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Cassetica Software, Inc v. Computer Sciences Corp

September 22, 2011


The opinion of the court was delivered by: Hon. Harry D. Leinenweber


Plaintiff Cassetica Software, Inc. (hereinafter, "Cassetica") brought the instant suit alleging copyright infringement against Computer Sciences Corp. (hereinafter, "CSC"). Cassetica now moves to dismiss CSC's counterclaims and strike its affirmative defenses. For the reasons stated herein, Cassetica's Motion to Dismiss CSC's Counterclaims is granted, with CSC given leave to replead its claim under the Illinois Uniform Deceptive Trade Practices Act ("IUDTPA"), 815 Ill. Comp. Stat. 510, et seq., within 30 days of the date of this Order. Cassetica's Motion to Strike CSC's Affirmative Defenses is granted, except that the defense of unclean hands may stand.


Cassetica is a software developer that developed a companion program to Lotus Notes called "NotesMedic." It contends that CSC's employees, acting within the scope of their employment, have copied Cassetica's software code and infringed Cassetica's copyright and that CSC is vicariously liable for these infringements.

This is not the first lawsuit involving these parties. In 2009, Cassetica sued CSC for infringement of its copyright on a prior version of the NotesMedic program and sought statutory damages. Judge Virginia Kendall dismissed the suit. Cassetica Software, Inc. v. Computer Scis. Corp., 09 C 0003, 2009 WL 1703015 (N.D. Ill. June 18, 2009). Her ruling was based on the fact that the alleged infringement started prior to the effective date of the copyright registration, which was January 22, 2007. Id. at *2; see 17 U.S.C. § 412(2).

Cassetica contends that since the dismissal of that suit, CSC employees have continued to download new, separately copyrighted versions of its NotesMedic software (referred to as Versions 6 and 7). Both of these versions have been registered with the Copyright Office, and all the illegal downloading took place after registration, the Complaint alleges.

CSC has filed counterclaims under the IUDTPA and for common law unfair competition. Cassetica seeks to dismiss these counterclaims for failure to state a claim pursuant to FED. R. CIV. P. 12(b)(6). CSC also has pleaded several affirmative defenses. Cassetica seeks to strike each of these defenses pursuant to FED. R. CIV. P. 12(f). Each motion will be addressed in turn.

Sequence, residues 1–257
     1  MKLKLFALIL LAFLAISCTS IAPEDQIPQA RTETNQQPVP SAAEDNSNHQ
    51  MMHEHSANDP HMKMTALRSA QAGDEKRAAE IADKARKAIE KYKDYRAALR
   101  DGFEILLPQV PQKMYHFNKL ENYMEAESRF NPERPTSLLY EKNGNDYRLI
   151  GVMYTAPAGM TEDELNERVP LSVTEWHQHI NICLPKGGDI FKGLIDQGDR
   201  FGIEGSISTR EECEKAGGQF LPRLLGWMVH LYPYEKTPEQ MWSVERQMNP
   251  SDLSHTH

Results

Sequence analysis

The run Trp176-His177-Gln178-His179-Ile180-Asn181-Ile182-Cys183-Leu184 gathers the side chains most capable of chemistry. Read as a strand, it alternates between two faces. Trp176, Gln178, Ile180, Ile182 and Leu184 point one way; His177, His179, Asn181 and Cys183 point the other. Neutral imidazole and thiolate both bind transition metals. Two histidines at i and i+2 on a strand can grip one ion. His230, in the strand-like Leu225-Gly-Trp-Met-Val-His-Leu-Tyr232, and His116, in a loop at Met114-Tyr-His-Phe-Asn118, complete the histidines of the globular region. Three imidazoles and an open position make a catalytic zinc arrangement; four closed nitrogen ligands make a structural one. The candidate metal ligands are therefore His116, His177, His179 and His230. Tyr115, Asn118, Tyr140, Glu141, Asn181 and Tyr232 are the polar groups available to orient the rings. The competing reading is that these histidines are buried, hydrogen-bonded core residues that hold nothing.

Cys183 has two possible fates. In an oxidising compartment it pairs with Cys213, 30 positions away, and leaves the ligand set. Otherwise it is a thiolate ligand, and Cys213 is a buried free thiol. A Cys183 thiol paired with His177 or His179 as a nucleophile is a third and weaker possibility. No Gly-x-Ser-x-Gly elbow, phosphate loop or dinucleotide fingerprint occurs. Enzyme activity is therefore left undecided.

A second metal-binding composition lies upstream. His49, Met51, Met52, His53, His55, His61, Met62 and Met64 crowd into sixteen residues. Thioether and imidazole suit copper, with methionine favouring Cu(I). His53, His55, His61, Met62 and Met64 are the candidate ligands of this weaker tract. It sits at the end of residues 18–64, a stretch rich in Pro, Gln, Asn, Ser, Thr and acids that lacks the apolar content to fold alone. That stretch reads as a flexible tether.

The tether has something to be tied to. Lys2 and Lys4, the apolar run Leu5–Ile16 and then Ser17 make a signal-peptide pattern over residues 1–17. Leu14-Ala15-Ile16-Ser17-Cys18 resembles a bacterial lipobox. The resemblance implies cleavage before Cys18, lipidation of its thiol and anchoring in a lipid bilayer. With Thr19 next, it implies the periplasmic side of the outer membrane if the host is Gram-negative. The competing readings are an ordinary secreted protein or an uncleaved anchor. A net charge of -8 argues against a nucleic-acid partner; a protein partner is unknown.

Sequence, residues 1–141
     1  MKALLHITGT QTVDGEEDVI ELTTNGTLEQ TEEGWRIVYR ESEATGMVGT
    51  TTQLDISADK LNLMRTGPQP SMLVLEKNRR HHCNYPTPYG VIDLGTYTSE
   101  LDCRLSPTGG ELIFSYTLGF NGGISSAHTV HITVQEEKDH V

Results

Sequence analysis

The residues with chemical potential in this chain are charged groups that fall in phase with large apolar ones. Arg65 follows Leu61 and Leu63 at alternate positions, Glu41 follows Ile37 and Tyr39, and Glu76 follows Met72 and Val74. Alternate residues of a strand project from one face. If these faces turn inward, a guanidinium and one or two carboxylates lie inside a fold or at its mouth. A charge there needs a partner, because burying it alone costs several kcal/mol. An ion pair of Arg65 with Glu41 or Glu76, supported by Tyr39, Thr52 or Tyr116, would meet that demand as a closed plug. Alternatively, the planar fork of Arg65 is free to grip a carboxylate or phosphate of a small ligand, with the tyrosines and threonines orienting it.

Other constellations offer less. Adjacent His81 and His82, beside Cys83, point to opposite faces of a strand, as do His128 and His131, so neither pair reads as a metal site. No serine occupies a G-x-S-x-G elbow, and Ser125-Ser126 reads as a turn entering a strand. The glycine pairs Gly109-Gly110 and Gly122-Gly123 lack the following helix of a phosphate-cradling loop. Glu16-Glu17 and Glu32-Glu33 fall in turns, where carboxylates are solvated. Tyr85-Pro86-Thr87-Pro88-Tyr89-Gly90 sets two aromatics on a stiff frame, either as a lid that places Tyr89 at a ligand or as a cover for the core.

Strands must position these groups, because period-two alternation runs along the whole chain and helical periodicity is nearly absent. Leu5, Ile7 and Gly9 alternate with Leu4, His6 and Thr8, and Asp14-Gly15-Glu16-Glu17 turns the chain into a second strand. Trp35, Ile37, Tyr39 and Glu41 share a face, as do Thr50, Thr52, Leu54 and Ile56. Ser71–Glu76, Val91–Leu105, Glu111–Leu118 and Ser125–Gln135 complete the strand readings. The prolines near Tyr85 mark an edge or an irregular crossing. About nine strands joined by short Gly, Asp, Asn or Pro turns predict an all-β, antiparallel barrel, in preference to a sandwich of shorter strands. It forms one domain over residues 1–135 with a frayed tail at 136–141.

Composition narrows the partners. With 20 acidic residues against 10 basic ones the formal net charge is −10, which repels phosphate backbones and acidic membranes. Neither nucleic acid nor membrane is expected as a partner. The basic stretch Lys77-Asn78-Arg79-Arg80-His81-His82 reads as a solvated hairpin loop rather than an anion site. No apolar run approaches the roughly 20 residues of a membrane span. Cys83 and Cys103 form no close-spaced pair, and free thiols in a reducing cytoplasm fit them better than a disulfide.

A. Legal Standard

A motion to dismiss under Rule 12(b)(6) tests the legal sufficiency of a pleading. In re HealthCare Compare Corp. Sec. Litig., 75 F.3d 276, 279 (7th Cir. 1996). In ruling on a motion to dismiss a counterclaim, the court accepts the well-pleaded allegations of the counterclaim as true and construes them in the light most favorable to the counter-plaintiff. Terrell v. Childers, 889 F.Supp. 311, 314 (N.D. Ill. 1995).


CSC's claim under the IUDTPA alleges that Cassetica markets and promotes its NotesMedic software in a deceptive and misleading fashion in order to trick businesses into entering into unwanted licenses for the software. Although CSC alleges that this scheme has gone on for the last several years, carried out through misrepresentations on Cassetica's web site, its Counterclaim is muddled. For example, CSC first alleges that Cassetica has marketed its product as free for home users. Def.'s Countercl. at ¶ 7. But in the next paragraph, CSC alleges that Cassetica has engaged in a bait-and-switch scheme by falsely promoting the product as free, and then seeking to enforce a putative enterprise license agreement with the individual's employer for the unwanted software. Id. at ¶ 8. The Court is unsure what promoting a product as free for home users has to do with a bait-and-switch scheme involving business licenses.

Perhaps more on point is CSC's allegation that Cassetica has at times offered its license free for one user per company. However, according to the Counterclaim, Cassetica never informed employees at the time of download as to whether any other employee in their company had already downloaded the software. And it never informed employers at the time of download that, because of their employees' actions, they had entered into enterprise-wide license agreements. Def.'s CounterCl. at ¶ 12--13.

It is difficult to tell from CSC's Counterclaim what was offered to whom, and when. This lack of clarity may stem from the fact that Cassetica has apparently changed the terms upon which it offers the NotesMedic software over the years, depending on the version at issue. For example, according to Cassetica's Memorandum in Support of its Motion to Dismiss, the company now offers a free home user option, an "enterprise license," that covers a single corporate entity, and a "global license" that covers a corporate entity and any subsidiaries or affiliates. Cassetica acknowledges that in the past it has offered a free version of its NotesMedic software for one user per company, but maintains that it no longer does so. In its Counterclaim, CSC ...

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